4 New Developments In James Foley Slaughter: ISIS Demanded Ransom, Identity Of Terrorist Questioned & More

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Aug. 21 2014, Published 9:19 a.m. ET

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The fallout of the purported beheading of journalist James Wright Foley — in a clip released by the terrorist outfit ISIS dubbed “A Message to America” — continued Wednesday, with speculation on the identity of the jihadist in the clip, the government’s efforts to try and reclaim the kidnapped reporter, and scrutiny on President Barack Obama for hitting the links on the tense day. As we previously reported, the 40-year-old journalist — who was kidnapped Nov. 22, 2012 in Syria — was compelled to read a diatribe in which he said that his “real killers” were “the U.S. government,” and that he wished he “wasn’t American;” after which, the New Hampshire native’s detached head was shown.

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$100 Million Ransom:

ISIS terrorists tried to command $100 million ransom from the U.S. government in exchange for Foley’s safe return, the New York Times reported. The U.K. has also declined such offers in the past. In addition to the cash payments, the group has asked for a number of prisoners in the United States to be released. One of note is Pakistani neuroscientist Aafia Siddiqui, who’s currently in custody in Texas. The terrorist group is patterning itself after Al Qaeda, which has drummed up more than $125 million in ransom pay-off the past five years from European officials, the paper reported.


The robed and masked ISIS (Islamic State in Iraq and Syria) terrorist in the clip is purportedly a native of Britain, and has been referred to as “John,” according the Guardian newspaper, citing accounts from former hostages held in Raqqa, Syria. The moniker is a reference (hostages gave him) to the Beatles, as language analysts pinpointed London as his probable homebase. The paper, citing accounts from former hostages, reported that “John” is well-educated, a radical Islam believer to the core, and has been the chief negotiator with the hostages’ families. Scotland Yard has been involved with the investigation into the man’s true identity. British Prime Minister David Cameron, reacting to the developments, said that “if true, the murder of James Foley is shocking and depraved.”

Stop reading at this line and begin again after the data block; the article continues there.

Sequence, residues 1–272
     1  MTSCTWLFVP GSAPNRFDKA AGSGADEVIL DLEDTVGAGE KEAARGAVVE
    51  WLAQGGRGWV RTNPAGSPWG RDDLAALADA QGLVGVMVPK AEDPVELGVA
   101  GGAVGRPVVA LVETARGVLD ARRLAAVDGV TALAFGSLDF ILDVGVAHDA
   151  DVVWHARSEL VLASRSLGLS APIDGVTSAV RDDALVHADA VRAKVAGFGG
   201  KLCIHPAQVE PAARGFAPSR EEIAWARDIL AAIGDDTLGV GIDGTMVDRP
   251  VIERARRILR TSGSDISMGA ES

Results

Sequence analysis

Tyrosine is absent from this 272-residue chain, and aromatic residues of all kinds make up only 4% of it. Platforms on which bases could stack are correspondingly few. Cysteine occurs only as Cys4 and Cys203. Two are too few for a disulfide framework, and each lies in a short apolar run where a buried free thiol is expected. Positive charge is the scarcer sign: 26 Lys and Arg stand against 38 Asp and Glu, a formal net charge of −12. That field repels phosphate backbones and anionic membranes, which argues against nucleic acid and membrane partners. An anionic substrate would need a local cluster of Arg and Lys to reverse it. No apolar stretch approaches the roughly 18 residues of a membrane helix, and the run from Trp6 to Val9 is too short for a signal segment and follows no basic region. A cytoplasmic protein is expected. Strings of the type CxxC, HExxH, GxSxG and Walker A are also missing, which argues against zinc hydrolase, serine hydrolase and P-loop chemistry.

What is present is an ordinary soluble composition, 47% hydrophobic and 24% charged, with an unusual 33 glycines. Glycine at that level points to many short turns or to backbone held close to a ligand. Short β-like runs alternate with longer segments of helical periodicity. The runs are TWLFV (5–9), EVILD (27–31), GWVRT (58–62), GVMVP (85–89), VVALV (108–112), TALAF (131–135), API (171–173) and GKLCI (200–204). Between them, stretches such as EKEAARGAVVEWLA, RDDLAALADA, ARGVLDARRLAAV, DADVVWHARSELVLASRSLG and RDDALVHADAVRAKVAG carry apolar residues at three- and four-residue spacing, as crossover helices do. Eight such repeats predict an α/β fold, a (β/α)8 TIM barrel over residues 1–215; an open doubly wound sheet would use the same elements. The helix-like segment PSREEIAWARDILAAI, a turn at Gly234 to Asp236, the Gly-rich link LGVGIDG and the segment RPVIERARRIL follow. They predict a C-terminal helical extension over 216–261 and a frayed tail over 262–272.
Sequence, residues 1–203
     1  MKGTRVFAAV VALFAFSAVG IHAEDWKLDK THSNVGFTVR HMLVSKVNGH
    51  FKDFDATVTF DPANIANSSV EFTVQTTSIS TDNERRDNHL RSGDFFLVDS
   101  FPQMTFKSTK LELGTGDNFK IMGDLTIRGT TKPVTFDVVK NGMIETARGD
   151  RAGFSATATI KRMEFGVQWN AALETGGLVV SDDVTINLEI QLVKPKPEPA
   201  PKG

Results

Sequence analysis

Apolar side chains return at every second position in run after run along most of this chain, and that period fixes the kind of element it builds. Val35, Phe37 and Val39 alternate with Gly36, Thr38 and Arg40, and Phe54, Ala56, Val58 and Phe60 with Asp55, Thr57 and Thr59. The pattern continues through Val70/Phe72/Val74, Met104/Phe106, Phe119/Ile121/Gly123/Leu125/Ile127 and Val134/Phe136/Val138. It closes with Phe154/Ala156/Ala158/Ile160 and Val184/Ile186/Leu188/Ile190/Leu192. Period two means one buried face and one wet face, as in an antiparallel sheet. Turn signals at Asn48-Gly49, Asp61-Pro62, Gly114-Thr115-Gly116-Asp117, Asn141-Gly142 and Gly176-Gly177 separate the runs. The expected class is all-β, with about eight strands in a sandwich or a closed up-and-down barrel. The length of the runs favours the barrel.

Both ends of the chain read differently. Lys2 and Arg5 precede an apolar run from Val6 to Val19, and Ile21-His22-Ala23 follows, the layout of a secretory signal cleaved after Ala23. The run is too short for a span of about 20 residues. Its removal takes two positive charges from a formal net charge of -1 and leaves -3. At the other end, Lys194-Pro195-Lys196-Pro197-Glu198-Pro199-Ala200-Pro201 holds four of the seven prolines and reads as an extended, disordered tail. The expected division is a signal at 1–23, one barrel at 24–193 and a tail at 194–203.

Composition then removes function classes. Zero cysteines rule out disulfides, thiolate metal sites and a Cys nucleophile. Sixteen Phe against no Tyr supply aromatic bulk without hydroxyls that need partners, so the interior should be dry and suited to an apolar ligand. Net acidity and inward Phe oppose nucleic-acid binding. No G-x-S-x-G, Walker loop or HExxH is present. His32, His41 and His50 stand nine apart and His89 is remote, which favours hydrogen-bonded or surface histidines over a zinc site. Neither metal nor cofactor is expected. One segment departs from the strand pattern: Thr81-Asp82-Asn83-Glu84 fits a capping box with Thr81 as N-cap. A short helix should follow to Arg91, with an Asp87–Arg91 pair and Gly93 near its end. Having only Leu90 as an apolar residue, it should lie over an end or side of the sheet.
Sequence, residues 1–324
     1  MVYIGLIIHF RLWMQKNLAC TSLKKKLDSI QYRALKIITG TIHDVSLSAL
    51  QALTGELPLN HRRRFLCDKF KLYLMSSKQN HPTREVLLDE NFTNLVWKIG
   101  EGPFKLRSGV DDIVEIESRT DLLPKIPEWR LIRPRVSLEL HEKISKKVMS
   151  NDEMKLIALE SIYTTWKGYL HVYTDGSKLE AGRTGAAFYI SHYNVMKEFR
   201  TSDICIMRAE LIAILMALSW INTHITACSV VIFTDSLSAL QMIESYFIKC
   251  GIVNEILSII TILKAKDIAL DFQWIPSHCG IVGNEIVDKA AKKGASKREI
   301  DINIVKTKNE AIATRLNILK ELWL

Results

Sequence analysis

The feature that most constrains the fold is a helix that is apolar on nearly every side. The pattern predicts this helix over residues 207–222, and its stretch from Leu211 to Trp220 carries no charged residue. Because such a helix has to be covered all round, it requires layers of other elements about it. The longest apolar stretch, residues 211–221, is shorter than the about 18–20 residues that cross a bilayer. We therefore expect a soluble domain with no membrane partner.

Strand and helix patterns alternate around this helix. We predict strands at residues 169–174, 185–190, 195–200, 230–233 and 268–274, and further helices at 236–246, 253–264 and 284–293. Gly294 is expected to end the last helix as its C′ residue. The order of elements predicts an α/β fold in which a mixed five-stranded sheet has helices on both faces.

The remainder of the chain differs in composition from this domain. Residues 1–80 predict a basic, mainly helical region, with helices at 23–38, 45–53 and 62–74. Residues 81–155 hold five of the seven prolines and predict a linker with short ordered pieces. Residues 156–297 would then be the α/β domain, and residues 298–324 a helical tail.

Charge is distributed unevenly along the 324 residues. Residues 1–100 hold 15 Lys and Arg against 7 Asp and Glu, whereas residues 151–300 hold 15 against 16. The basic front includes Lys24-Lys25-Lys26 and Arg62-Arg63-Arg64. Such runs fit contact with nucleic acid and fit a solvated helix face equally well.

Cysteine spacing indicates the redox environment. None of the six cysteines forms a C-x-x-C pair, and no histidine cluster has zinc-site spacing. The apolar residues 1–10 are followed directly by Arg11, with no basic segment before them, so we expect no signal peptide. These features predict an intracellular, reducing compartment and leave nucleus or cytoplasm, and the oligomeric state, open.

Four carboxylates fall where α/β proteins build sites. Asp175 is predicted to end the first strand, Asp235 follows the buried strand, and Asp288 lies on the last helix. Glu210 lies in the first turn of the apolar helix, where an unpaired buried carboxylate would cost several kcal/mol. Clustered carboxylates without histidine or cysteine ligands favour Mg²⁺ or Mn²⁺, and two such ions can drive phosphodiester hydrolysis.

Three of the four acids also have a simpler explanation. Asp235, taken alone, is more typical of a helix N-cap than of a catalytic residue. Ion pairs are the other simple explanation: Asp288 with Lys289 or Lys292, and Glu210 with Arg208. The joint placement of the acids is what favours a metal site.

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Rescue Mission:

Dozens of special operations troops, under Obama’s orders, embarked on an unsuccessful attempt to locate and save the hostages in Syria earlier this summer, according to the White House’s counterterrorism adviser, Lisa Monaco. "The U.S. government had what we believed was sufficient intelligence, and when the opportunity presented itself, the president authorized the Department of Defense to move aggressively to recover our citizens,” Monaco said. “Unfortunately, that mission was ultimately not successful because the hostages were not present." A firefight with Islamic extremists commenced when the troops were airdropped into the area; several extremists, but no Americans, were killed. Wednesday’s admission was the U.S.’s first admission of a presence on Syrian soil in more than three years.

Tee Time:

The vacationing president — after saying the U.S. would be “vigilant” and “relentless” in response to the slaughter — was coming under heavy scrutiny after golfing in Martha’s Vineyard following his speech. Obama played in a golf quartet that included friend Cy Walker, tech businessman Glenn Hutchins and former Miami Heat center Alonzo Mourning. Former Vice President Dick Cheney’s daughter Liz tweeted that the commander-in-chief “is more dedicated to golfing than he is to defending the nation.” Laurent Fabius, France’s foreign minister, said that “when people are dying, you must return from vacation.”

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